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Old 10-27-2006   #11
pnw, Washington
Join Date: Oct 2003
Posts: 3,404
I cant count the number of at2 flexi's that i have seen broken. the paddle has a good feel but doesnt seem reliable. i will keep my werner.

"Yesterday I was clever and tried to change the world. Today I am wise and try to change myself." -Rumi
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Old 10-27-2006   #12
pnw, Washington
Join Date: Oct 2003
Posts: 3,404
Sorry double a that was OT. You make a paddle that feels like an AT and make it bomber and light and I would be interested.

"Yesterday I was clever and tried to change the world. Today I am wise and try to change myself." -Rumi
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Old 10-27-2006   #13
Preacher of the Profit Paddling Since: 1990
Join Date: Oct 2003
Posts: 1,062

High-end paddles are tough, for with price increase- so increases the expectations. I’ve been a gear queek longer than I’ve been in the biz. I started buying gear for my college kayak club way back in the day. Paddles are a tough nut to crack, and the hardest by far in the WW world. Most paddle companies don’t make a high-end whitewater paddle. It’s not a money maker, and it might not be enough to keep the lights on.

For a lot of reasons: Almost all paddles break. If you don’t want to break your paddle, buy a Norse. Super heavy-duty fiberglass shaft, massive blades with steel at the edges, 10 lbs of glass, and cheap. Can’t break it (bend yes, break no.), but they paddle like poop. The higher the end materials the more fragile it is, and to make it stronger you’d have to make it thicker- this adds both cost and weight. Again, if someone thinks it’s carbon it better be light. The more custom you make it, the more labor intensive it will be. That comes out of your pocket. Plus, if people drop big coin on this… to them it’s bullet proof, till they prove you wrong. Then it only takes one bad review, from some random weekend warrior snow surfing in Kansas. And, you name is tarnished forever.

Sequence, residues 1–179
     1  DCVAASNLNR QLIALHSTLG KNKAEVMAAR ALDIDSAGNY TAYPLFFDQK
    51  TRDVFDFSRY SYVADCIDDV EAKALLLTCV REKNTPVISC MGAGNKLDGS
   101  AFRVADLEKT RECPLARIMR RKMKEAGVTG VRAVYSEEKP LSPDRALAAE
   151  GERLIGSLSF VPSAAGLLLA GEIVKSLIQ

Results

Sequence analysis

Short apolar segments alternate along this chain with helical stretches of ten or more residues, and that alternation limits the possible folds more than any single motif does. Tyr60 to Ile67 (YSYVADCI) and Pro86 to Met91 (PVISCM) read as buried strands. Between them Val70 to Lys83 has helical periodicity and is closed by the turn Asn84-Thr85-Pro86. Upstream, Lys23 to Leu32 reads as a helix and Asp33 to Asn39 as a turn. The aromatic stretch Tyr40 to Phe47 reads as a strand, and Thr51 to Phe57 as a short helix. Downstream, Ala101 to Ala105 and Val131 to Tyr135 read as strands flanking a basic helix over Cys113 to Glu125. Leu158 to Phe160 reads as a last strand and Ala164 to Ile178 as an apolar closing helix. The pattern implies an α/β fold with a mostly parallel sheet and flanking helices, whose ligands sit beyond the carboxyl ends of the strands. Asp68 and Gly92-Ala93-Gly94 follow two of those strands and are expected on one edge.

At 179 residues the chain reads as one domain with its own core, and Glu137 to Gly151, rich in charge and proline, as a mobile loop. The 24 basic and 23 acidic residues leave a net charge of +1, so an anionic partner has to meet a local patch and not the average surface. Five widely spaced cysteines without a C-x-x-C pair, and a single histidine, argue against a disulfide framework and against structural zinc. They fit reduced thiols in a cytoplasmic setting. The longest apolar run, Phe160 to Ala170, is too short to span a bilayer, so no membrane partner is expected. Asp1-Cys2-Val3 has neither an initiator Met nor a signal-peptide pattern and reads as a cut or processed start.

Now enough of the negative and on to the perfect paddle. 1) Wood shaft (not the blades- too much impact), 2) neutral bend (AT is very nice. Werner is nice too, but if you really want it to be better flip the Werner upside down- I think Werner made a mistake and won’t fess up- try if and tell me if I’m joking. It’s a 100 times better upside down), 3) 30 degree offset- great for everything (I like it others like less, and others like more) Remember you can set the trend- Waterstick did., 4) Keep the price under $300. Beginner paddles have a market, stay focused you can’t make everyone happy. Start with making the people who buy your paddles happy. 5) A nice kinetic blade shape, not too thick not too thin. 6) The blades should be buoyant and crisp at the edge (some dense ridged rubber would be nice, some thing better than rope and better than exposed cut edge). 7) Modular construction would be the best for both custom off-sets, future blades, and warranty and service.

Good luck and have fun.
I love to dance, but who needs the music- It throws me off.
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Old 10-28-2006   #14
oh yeah
Join Date: Oct 2003
Posts: 535
how 'bout grips like seven2 used/uses? they gave a great feel and reduced the shaft diameter. and mix wood and carbon fiber without comprimising structural integrity.